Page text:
"Divided...some are convinced that there is no question of anything but innocence... Others will settle for nothing less than guilty". What about the politics... Is it a PNP-JLP thing? The answer: "No, I don't hear much of that." My friend reminded me that the Scam has always been dismissed by most Montegonians as a Robin Hood thing...Rob the rich to give the poor. Well, you could say, using the metaphor of the Robin Hood story, the Sheriff of Nottingham is now writing his own script and the drama might not end in favour of Robin Hood and his Merry Men, whoever they are.

Politically, this is no picnic for the PNP. To have two of their leadership having to prove their innocence before the courts is already raising credibility issues for the whole organisation. The media is already questioning the integrity of the Party's Integrity Commission. How thorough were its investigations of representatives for national and local elections? How will something as explosive as charges laid against people holding office in the parish council, affect the credibility of the party and its ability to govern? The JLP is not going to take it so, that's for sure.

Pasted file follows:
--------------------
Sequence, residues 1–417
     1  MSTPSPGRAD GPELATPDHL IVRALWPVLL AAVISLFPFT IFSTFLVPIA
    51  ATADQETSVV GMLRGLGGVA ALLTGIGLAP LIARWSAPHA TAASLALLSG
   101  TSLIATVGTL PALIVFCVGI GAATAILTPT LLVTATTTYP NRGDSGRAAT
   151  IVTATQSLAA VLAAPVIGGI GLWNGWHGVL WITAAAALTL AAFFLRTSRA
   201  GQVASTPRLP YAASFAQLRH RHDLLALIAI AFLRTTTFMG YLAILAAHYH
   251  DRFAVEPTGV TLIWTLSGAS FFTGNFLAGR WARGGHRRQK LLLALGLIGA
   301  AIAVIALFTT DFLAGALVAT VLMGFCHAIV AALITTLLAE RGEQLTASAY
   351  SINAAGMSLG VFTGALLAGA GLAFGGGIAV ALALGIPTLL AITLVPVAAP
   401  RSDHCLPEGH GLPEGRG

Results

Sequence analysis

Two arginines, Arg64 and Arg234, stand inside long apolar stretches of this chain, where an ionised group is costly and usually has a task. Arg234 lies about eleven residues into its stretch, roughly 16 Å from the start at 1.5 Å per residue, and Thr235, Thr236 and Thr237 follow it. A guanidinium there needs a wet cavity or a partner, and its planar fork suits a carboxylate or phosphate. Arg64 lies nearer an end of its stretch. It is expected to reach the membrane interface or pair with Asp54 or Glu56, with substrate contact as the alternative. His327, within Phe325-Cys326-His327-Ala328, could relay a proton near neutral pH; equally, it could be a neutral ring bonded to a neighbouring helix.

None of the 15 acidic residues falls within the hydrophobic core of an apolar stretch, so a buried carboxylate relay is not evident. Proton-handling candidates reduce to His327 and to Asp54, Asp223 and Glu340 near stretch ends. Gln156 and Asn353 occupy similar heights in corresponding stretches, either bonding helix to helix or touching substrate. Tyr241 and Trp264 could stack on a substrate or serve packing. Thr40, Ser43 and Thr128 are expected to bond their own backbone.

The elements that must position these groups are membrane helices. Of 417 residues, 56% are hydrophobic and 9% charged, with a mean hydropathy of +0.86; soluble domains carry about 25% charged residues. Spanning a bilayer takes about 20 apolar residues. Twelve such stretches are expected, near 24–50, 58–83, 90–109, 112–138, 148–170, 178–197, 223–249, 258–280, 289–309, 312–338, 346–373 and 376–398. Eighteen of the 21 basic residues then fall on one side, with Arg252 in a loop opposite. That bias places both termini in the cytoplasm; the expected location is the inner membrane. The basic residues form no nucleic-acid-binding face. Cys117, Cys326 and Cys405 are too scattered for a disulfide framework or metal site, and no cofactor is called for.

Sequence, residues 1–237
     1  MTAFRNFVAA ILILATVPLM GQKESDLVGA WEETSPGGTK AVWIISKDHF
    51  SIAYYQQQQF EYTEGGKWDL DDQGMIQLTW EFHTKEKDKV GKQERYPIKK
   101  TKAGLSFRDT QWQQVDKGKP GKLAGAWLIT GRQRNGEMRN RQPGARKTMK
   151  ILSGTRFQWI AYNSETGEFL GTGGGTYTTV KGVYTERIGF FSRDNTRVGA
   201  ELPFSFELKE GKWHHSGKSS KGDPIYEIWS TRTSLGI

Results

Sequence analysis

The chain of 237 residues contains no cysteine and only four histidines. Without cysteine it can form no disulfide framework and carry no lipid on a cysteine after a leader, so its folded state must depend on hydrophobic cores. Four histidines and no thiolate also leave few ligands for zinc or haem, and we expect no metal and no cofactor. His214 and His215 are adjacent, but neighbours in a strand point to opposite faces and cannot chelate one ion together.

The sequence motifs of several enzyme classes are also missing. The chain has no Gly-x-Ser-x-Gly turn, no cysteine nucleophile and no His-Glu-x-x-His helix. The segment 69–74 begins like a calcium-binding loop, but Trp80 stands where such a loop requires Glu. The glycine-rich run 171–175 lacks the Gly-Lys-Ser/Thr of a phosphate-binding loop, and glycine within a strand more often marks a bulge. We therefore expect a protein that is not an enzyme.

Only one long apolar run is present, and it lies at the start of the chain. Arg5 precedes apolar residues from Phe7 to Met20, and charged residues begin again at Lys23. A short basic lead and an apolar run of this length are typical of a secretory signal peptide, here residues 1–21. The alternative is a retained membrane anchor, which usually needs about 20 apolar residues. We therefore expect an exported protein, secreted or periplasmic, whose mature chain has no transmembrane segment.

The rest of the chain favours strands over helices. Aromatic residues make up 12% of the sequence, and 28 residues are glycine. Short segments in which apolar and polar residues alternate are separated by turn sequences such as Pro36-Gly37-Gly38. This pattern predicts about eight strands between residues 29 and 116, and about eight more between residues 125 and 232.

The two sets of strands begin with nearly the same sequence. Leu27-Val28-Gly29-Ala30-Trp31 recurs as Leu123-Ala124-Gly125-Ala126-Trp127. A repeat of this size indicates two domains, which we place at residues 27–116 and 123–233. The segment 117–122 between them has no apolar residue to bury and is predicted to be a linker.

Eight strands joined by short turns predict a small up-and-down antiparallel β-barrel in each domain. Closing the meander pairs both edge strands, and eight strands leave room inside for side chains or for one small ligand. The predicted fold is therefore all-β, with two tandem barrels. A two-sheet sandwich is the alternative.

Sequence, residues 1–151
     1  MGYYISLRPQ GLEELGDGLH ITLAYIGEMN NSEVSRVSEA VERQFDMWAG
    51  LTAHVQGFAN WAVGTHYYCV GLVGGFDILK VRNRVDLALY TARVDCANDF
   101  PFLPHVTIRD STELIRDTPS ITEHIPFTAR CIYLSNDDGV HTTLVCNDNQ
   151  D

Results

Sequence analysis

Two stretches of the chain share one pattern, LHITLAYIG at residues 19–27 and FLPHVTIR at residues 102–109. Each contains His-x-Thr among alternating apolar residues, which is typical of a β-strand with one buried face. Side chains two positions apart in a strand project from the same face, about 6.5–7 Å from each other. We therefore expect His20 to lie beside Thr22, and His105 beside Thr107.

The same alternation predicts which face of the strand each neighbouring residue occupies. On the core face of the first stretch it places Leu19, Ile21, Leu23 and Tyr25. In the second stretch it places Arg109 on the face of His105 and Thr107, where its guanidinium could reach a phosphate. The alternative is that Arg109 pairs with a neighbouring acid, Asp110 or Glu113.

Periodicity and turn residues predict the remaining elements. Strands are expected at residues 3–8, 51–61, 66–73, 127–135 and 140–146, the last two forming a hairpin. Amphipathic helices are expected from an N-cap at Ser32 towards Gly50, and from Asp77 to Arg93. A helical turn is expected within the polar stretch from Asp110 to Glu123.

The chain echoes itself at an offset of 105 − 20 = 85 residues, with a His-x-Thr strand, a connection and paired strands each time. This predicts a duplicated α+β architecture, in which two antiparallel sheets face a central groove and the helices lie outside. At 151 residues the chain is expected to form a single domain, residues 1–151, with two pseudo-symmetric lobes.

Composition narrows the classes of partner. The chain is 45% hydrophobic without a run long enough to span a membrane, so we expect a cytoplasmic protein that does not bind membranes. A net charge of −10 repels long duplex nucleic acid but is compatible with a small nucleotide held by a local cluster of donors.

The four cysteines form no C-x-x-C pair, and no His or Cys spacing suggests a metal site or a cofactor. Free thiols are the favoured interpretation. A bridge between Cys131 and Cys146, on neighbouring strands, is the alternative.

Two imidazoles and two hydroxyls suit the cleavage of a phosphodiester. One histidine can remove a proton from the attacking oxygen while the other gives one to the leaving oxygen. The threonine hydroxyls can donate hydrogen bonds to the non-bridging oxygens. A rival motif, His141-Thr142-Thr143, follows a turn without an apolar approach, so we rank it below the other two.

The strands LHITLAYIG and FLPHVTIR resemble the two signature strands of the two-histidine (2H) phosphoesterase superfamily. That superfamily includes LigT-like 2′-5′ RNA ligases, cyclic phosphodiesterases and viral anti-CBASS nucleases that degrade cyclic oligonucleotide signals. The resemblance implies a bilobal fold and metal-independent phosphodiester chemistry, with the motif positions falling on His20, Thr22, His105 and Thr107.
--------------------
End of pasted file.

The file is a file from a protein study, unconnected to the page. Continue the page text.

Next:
The battle over Jamaica 50 seems to be subsiding. The celebrations are already fighting for media attention. This new challenge for headlines moves the Jubilee away from the centre at the moment. Meanwhile, everybody outside of Jamaica is set to enjoy the merriment except us right here at home. I asked my MoBay friend: "How is the celebration spirit going over there?" His reply: "Nothing really going on yet. I hear over there in Kingston decorations are beginning to go up. I don't see much getting under way with us yet."

Question: "So, when will things start?"